The most serious American intervention has been the sanctions by the Office of Foreign Assets Control (OFAC) against sixteen Iranian banks, in addition to an Iranian-owned and an Iranian military-affiliated bank, for supporting terrorism. (Note, most of these sanctions would continue because they were imposed in response to human rights abuses not for breaches in the nuclear deal.) Those sanctions apply to:
- All property and interests in property of designated targets that are in the United States or in the possession or control of U.S. persons
- Financial institutions and other persons that engage in certain transactions or activities with the sanctioned entities after a 45-day wind-down period; secondary sanctions or enforcement action may follow
- Sanctions do not target individual Iranian citizens nor humanitarian transactions.
At the end of November, two years after Trump withdrew from the agreement, Iran launched a complaint with the International Court of Justice against the US sanctions for being imposed on its medical and health care sectors that Iran claims has crippled its efforts to combat the COVID-19 pandemic and obtain the support systems and medical supplies it needs. This took place at a time when Iran’s Deputy Health Minister Reza Malekzadeh resigned after accusing his boss, Saeed Namaki, of gross mismanagement. Thus, although Iran’s death rate is the eighth highest per capita in the world (over 45,000 have died to date), it is not clear the degree to which internal mismanagement versus external sanctions affected the terrible record in handling the disease. After all, it is generally agreed that Donald Trump’s mismanagement and irresponsibility were the almost exclusive causes of America’s horrific record, so there is no need to include an external actor in the blame game.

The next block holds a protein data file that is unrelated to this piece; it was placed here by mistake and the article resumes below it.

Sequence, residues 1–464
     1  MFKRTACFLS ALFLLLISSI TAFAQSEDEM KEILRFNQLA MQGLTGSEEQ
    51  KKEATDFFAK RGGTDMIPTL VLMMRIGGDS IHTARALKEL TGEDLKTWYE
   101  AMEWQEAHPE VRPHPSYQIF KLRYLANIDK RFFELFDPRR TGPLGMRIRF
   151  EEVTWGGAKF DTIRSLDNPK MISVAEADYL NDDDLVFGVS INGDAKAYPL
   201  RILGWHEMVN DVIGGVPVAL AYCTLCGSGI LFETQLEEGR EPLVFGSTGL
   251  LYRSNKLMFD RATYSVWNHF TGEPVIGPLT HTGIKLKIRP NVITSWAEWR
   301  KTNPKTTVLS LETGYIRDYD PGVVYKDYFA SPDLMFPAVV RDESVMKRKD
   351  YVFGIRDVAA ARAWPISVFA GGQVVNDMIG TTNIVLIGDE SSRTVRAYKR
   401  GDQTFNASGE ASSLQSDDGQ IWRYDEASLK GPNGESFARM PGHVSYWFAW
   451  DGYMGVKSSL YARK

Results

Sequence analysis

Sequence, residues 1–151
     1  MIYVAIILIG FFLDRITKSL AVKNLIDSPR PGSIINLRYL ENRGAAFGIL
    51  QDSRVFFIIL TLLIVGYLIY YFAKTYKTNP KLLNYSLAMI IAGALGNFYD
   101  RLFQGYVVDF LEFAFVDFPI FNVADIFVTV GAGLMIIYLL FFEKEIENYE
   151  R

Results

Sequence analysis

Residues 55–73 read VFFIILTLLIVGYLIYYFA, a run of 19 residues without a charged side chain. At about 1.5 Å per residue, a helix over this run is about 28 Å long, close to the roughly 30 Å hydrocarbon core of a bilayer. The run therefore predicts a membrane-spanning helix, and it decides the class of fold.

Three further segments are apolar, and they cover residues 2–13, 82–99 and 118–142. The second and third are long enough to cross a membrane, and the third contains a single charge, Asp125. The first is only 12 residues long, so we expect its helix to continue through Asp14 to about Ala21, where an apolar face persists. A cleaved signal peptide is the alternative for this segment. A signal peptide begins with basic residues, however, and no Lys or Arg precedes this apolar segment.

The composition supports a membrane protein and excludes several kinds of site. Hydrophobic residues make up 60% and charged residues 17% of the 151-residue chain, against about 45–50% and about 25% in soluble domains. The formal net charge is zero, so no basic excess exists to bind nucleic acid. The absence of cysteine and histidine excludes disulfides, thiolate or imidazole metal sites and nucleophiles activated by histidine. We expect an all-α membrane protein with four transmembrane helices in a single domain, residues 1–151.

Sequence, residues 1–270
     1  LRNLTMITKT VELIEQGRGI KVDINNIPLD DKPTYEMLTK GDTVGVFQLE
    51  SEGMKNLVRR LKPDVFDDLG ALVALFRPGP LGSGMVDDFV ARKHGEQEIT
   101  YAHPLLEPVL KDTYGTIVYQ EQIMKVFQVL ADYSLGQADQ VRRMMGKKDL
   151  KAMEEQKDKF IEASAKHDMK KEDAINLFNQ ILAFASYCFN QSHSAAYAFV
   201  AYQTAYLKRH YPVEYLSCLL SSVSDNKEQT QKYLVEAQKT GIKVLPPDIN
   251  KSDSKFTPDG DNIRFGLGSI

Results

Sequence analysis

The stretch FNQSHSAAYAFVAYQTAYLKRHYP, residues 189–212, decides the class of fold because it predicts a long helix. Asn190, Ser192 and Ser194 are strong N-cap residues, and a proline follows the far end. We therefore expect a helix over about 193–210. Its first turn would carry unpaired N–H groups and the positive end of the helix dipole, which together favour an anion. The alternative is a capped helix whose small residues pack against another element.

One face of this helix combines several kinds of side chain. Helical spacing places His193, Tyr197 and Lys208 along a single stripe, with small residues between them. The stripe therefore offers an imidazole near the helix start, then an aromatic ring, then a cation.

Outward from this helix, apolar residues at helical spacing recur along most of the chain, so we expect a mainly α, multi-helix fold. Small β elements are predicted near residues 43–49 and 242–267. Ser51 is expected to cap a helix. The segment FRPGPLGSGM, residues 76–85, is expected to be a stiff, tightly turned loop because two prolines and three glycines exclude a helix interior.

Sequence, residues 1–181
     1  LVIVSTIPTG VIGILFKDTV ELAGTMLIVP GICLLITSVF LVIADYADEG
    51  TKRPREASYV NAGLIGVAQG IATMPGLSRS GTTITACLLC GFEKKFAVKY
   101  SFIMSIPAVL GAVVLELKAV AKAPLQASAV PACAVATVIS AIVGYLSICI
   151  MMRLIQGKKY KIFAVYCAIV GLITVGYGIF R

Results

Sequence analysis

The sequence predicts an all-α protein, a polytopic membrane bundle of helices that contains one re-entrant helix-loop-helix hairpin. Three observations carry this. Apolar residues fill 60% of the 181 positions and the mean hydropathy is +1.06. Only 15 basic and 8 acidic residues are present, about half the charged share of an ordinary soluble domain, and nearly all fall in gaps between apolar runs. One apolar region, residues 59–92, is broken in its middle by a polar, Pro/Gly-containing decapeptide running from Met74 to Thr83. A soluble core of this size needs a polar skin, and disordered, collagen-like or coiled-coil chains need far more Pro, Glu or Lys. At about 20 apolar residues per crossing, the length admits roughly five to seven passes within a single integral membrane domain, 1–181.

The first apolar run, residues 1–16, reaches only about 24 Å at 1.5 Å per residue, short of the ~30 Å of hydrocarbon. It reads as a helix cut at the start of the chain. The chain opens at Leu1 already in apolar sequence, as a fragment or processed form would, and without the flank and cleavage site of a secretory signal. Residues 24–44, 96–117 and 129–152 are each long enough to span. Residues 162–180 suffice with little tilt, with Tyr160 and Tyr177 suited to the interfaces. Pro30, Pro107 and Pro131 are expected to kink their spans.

Trump’s Executive Order 13902 authorized the imposition of sanctions if Iran continues its support of an expanded nuclear program, missile development, terrorism, terrorist proxy networks and malign regional influence. It will be difficult for Biden to cancel this EO without running into a storm of criticism for aiding and abetting Iranian military adventurism and expanding its nuclear program. At the same time, given the American record from the pandemic, there is unlikely to be much sympathy for Iran’s claims about humanitarian sanctions since the US claims that these were strictly restricted to the major banks and a limited list of designated actors.
Subsequently, Trump sold 50 F-35s and 18 Reaper drones to the UAE while, at the same time, it compensated Israel to ensure it could preserve its military edge. Why would Iran reduce its conventional capabilities when Israel and the Gulf States are increasing their strategic strength? Recently, Alon Ushpiz, director general of Israel’s Foreign Ministry, and Omar Ghobash, the UAE’s assistant minister for culture and public diplomacy, stressed the mutual interests of both countries in limiting Iran’s ambitions in the Middle East.
Iran, though it has avoided a massive air attack on its nuclear facilities by either America or Israel or both, has been attacked by Israel, as in the (Israeli?) assassination of nuclear scientist Mohsen Fakhrizadeh and the cyber-attack on Iran’s nuclear enrichment and high-speed centrifuge production plant at Nantanz.